How much water does the world need to support growing human populations? What factors influence water quality, droughts, floods, and waterborne diseases? What are the potential effects of climate change on the world's water resources? These questions and more are discussed in this thorough introduction to the complex world of water resources. The strength of Introduction to Water Resources and Environmental Issues is its coverage of the fundamentals of the science of water, aquatic ecology, geomorphology and hydrology, supplemented by internet resources and examples from water resource issues in the news to engage the student.
Introduction to Water Resources and Environmental Issues begins with a short history of human use and influence on water, followed by chapters on the geomorphology, hydrology, chemistry, and biology of lakes, rivers, and wetlands. Major disease issues, worldwide water quality and quantity problems, and potential solutions are addressed. Water laws, water allocation, and the conflicts involved are discussed using US and international examples.
1. Perspectives on water and environmental issues
2. The water environment of early civilizations
3. The hydrologic cycle
4. Water quality
5. Watershed basics
7. Lakes and ponds
8. Rivers and streams
10. Dams and reservoirs
11. Drinking water and wastewater treatment
12. Water allocation law
13. Roles of federal, regional, state, and local water management
14. Water conflicts, solutions, and our future
Karrie Lynn Pennington has been working with the United States Department of Agriculture's (USDA) Natural Resources Conservation Service, studying the impacts of land-use on water ecosystems since 1992. She studied biology at the University of North Texas, receiving a Bachelor of Arts degree, and completed a Master of Science in Soils from the University of Idaho in Moscow.
Thomas V. Cech has been the Executive Director of the Central Colorado Water Conservancy District in Greeley since 1982. He received his Bachelor of Science degree in Education from Kearney State College, and a Masters in Community and Regional Planning from the University of Nebraska-Lincoln.
"The key features and strengths are the breadth and scope of this text at the introductory level. With excellent diagrams, guest essays, case studies, policy analysis, and key electronic references, there really is not another text of this scope."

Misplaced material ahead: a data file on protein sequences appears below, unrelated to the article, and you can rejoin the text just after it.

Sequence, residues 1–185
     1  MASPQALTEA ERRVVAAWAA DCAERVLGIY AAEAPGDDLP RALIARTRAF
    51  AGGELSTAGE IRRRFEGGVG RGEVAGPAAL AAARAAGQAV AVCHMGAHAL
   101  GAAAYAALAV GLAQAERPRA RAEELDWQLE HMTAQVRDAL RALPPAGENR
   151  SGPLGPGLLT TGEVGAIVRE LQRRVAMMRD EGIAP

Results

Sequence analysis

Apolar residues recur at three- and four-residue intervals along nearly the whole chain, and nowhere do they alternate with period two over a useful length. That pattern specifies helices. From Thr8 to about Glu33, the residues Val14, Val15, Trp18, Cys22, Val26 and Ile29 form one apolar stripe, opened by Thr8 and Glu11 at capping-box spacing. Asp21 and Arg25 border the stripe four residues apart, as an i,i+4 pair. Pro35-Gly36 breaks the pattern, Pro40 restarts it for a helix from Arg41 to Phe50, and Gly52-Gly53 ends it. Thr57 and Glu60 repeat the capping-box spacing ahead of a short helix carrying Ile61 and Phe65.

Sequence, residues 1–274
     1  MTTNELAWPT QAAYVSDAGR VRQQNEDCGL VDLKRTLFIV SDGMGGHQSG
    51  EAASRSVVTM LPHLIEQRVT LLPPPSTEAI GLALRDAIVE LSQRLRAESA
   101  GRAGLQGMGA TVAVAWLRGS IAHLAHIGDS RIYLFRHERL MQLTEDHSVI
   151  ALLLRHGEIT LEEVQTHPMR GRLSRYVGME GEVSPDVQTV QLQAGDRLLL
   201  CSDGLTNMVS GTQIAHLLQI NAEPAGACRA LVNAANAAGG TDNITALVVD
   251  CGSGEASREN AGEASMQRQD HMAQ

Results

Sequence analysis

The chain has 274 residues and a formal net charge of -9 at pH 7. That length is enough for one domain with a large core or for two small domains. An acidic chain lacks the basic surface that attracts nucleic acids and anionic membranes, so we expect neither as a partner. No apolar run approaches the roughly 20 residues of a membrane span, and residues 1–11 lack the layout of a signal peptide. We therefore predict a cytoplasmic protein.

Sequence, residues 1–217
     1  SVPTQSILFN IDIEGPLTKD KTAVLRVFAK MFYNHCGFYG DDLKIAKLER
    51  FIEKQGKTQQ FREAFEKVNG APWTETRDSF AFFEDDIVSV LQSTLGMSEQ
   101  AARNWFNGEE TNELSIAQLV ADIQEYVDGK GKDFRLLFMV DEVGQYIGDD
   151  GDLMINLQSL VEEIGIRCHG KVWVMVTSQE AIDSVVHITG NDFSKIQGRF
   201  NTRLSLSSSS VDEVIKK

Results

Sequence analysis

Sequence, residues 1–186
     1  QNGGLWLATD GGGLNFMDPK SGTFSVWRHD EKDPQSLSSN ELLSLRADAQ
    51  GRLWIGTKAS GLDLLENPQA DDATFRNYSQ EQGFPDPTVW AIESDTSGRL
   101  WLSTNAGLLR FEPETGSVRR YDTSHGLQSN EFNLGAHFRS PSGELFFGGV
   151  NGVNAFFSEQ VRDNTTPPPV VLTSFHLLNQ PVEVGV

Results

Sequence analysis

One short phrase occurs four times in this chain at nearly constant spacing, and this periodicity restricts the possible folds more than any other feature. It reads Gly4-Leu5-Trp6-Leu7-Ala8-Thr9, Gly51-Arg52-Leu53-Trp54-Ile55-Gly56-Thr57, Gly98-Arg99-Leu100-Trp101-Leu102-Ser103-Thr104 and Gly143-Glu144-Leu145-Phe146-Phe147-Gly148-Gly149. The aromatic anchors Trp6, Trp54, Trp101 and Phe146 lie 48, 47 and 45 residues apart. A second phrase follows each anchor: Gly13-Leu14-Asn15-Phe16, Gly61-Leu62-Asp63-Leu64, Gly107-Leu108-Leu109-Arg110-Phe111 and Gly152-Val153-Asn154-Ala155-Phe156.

- Timothy Link, University of Idaho
"The holistic approach towards water combined with ecological principles is a definite strength."
- Alan D. Steinman, Director, Annis Water Resources Institute, Grand Valley State University
"The book diverges from many other books. It has a more applied focus and will have an audience in environmental studies and resource management programs."
- Jules Blais, University of Ottawa
"The book would be worthy of purchase as an overview or summary volume or as an introductory textbook, touching briefly as it does on many aspects of water use."
- Journal of the American Water Resources Association
"The author's core goal for this book is to emphasise the need not just to learn facts but also to recognise interactions and consequences and to analyse what the results might be in a variety of circumstances."
- Jonathan W. Buckley, University of Michigan
"The authors' core goal for this book is to emphasize the need not just to learn facts but also to recognize interactions and consequences and to analyze what the results might be in a variety of circumstances [...] the authors have provided a solid foundation for the reader to be able to achieve this goal and subsequently apply the information presented to a variety of current and future water resources and environmental issues."
- Eos Transactions, American Geophysical Union